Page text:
“You now how you plan . . . you buy things, you try to get ready for Christmas?” she said, “All these people are going to come to Washington. Martin Luther King’s going to come to Washington. . . . So here was a chance to meet the man I always admired.”

The sit-in

Three years earlier, on March 28, 1960, she and six other Southern University students sat down at the whites-only lunch counter in the segregated S.H. Kress five-and-ten-cent store in Baton Rouge.

Harris was in the last semester of her senior year at the historically black school. She and the other students were acting in solidarity with the Greensboro, N.C., black student sit-ins that had started the month before.

At the Baton Rouge Kress store, blacks were supposed to sit at a designated table in the corner, she said, rather than at the counter, which was reserved for whites.

In protest, she took a counter seat beside a white man, who turned out to be the manager. He looked at her. The black workers behind the counter were nervous. “You could see they were nervous,” she said.

“I said, ‘I’d like to have a cup of tea,’ ” she said. A black waitress said, “ ‘We can’t serve you here. . . . I can fix it and bring it to you in the corner,’ ” Harris said. “I said, ‘Oh no. I want it right here. . . . I’m a customer.’ ”

The other students did the same. Someone called the police.

The group was arrested and thrown into the segregated jail, making national headlines.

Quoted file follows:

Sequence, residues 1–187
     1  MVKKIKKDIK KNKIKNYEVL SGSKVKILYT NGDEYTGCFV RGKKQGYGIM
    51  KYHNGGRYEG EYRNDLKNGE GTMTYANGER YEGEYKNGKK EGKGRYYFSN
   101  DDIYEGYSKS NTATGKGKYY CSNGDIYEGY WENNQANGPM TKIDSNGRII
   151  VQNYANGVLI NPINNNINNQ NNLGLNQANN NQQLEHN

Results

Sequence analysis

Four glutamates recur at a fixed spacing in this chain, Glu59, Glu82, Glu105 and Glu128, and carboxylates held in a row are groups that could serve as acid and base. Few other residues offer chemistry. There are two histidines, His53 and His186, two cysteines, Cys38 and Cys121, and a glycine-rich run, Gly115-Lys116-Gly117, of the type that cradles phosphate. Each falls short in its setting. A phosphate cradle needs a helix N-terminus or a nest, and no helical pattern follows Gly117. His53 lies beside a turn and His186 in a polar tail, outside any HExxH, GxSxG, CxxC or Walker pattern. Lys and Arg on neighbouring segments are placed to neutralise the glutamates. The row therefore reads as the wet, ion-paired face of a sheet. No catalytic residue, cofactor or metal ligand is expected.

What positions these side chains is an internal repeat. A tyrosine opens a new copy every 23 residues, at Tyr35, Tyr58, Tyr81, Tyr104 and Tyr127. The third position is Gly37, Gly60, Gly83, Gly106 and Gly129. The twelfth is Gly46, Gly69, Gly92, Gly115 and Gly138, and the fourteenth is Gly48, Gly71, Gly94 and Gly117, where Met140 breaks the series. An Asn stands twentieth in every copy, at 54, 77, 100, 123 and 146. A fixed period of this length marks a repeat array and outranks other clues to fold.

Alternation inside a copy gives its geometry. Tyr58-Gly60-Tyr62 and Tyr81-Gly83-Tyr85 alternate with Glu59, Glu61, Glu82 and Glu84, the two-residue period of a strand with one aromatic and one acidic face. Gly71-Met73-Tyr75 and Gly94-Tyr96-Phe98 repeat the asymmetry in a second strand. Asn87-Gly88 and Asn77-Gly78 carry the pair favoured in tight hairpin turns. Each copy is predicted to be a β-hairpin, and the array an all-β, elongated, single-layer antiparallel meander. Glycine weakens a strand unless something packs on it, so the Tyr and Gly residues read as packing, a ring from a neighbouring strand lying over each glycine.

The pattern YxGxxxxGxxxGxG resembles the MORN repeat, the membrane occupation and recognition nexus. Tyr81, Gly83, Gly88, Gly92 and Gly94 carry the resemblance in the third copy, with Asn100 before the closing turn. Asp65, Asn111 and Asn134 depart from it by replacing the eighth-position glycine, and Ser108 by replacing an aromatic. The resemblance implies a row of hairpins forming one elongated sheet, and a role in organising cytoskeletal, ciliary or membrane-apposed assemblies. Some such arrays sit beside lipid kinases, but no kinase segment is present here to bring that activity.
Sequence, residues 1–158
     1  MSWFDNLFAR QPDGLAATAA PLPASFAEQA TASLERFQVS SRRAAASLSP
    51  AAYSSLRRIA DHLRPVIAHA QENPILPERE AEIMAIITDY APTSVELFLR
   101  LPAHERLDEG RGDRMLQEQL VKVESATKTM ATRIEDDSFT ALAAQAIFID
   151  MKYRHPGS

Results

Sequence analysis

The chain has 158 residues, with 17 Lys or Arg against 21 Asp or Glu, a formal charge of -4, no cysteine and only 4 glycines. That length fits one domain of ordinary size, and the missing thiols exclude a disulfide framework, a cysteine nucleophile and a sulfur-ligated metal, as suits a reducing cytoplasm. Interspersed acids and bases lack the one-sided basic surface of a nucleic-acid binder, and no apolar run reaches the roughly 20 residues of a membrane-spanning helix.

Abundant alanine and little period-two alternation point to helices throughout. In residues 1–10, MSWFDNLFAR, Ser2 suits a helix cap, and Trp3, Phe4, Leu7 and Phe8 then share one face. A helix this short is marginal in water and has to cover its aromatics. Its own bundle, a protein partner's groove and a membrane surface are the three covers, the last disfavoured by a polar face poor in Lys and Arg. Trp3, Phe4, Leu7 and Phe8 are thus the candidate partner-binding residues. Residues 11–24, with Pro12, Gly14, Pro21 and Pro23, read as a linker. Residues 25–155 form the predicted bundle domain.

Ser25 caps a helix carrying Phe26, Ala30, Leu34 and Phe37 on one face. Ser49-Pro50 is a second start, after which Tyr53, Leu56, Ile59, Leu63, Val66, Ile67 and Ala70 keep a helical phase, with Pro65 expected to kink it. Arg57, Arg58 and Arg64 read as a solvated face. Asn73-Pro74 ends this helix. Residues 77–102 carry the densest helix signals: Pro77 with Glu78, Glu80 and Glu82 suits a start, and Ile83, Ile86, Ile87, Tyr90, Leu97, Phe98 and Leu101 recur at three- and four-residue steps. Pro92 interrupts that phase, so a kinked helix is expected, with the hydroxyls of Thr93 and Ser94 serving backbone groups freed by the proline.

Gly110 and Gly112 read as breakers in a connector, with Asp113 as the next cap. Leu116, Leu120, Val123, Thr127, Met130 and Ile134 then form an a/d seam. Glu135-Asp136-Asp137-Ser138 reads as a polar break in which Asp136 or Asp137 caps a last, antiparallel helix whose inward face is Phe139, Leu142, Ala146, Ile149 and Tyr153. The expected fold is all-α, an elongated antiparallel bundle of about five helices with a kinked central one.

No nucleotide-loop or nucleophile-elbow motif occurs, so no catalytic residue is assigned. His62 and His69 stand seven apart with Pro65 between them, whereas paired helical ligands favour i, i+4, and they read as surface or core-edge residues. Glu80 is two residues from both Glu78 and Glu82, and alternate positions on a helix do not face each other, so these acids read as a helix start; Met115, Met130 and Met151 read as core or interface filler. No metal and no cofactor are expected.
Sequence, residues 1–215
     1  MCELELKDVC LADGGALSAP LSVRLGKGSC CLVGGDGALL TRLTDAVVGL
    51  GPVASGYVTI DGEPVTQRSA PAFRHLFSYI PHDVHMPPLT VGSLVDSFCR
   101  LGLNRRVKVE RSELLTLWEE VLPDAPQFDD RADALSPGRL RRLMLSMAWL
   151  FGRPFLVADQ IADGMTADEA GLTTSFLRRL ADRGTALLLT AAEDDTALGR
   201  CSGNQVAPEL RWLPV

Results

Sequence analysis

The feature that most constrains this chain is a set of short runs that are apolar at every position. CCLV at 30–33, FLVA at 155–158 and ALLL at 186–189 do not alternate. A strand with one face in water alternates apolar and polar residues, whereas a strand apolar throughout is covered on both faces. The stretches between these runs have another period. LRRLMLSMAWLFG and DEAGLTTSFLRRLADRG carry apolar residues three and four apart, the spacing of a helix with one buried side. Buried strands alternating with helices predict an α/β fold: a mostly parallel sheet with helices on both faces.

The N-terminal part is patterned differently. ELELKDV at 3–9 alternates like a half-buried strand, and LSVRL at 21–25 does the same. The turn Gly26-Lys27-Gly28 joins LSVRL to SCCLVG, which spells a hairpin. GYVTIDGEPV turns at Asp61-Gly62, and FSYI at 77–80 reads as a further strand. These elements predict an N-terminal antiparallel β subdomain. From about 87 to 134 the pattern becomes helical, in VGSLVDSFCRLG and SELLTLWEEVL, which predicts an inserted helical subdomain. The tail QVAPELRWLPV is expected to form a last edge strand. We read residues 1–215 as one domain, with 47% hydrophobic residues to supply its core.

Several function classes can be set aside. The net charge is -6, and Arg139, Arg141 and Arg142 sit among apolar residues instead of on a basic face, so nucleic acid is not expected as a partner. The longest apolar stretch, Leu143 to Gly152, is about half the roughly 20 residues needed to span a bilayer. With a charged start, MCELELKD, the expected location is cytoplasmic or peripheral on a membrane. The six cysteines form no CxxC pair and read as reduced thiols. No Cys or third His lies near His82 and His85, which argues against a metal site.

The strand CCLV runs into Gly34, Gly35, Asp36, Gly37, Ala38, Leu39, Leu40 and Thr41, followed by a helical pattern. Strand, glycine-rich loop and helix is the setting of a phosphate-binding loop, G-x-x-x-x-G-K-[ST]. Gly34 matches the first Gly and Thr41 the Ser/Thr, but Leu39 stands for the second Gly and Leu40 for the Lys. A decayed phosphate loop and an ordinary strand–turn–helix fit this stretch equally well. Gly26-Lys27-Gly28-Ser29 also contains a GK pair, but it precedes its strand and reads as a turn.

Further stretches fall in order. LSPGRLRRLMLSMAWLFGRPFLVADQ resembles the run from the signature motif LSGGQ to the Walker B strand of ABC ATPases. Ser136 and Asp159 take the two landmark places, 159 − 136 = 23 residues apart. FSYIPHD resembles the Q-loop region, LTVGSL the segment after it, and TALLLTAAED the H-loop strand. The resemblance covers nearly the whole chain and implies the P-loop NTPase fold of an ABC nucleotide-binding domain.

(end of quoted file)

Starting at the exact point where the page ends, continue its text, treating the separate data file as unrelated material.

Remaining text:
All were released on bail within a few hours after being charged with disturbing the peace. They returned to campus, where fellow students rallied to their side.

But the governor of Louisiana ordered the state-supported school to take “decisive action” against the students or its budget would be affected, she said.

The students were immediately expelled.

When the students had trouble getting accepted at other schools, Charles H. Wesley, president of Central State University in Wilberforce, Ohio, invited all six to enroll. They started in September 1960.

A few weeks later, she said, Wesley got a call that the Louisiana authorities were coming to take the students back for trial. She said Wesley called Ohio Gov. Michael DiSalle, who told him that Louisiana had no authority in Ohio.

“They can’t just come in here and take people out,” she said the governor told Wesley. “No, Charlie, we’re not going to let them do that.”

She said she and the other students went into hiding, and the Louisiana authorities never came calling.

She said her family and friends were terrified about what might happen to her back in Louisiana. Even after she graduated, they worried about her returning. “My mother said, ‘You cannot come back to Monroe. . . . You will be killed.’ ”

“I said, ‘Well, where do I go?’ ” she said.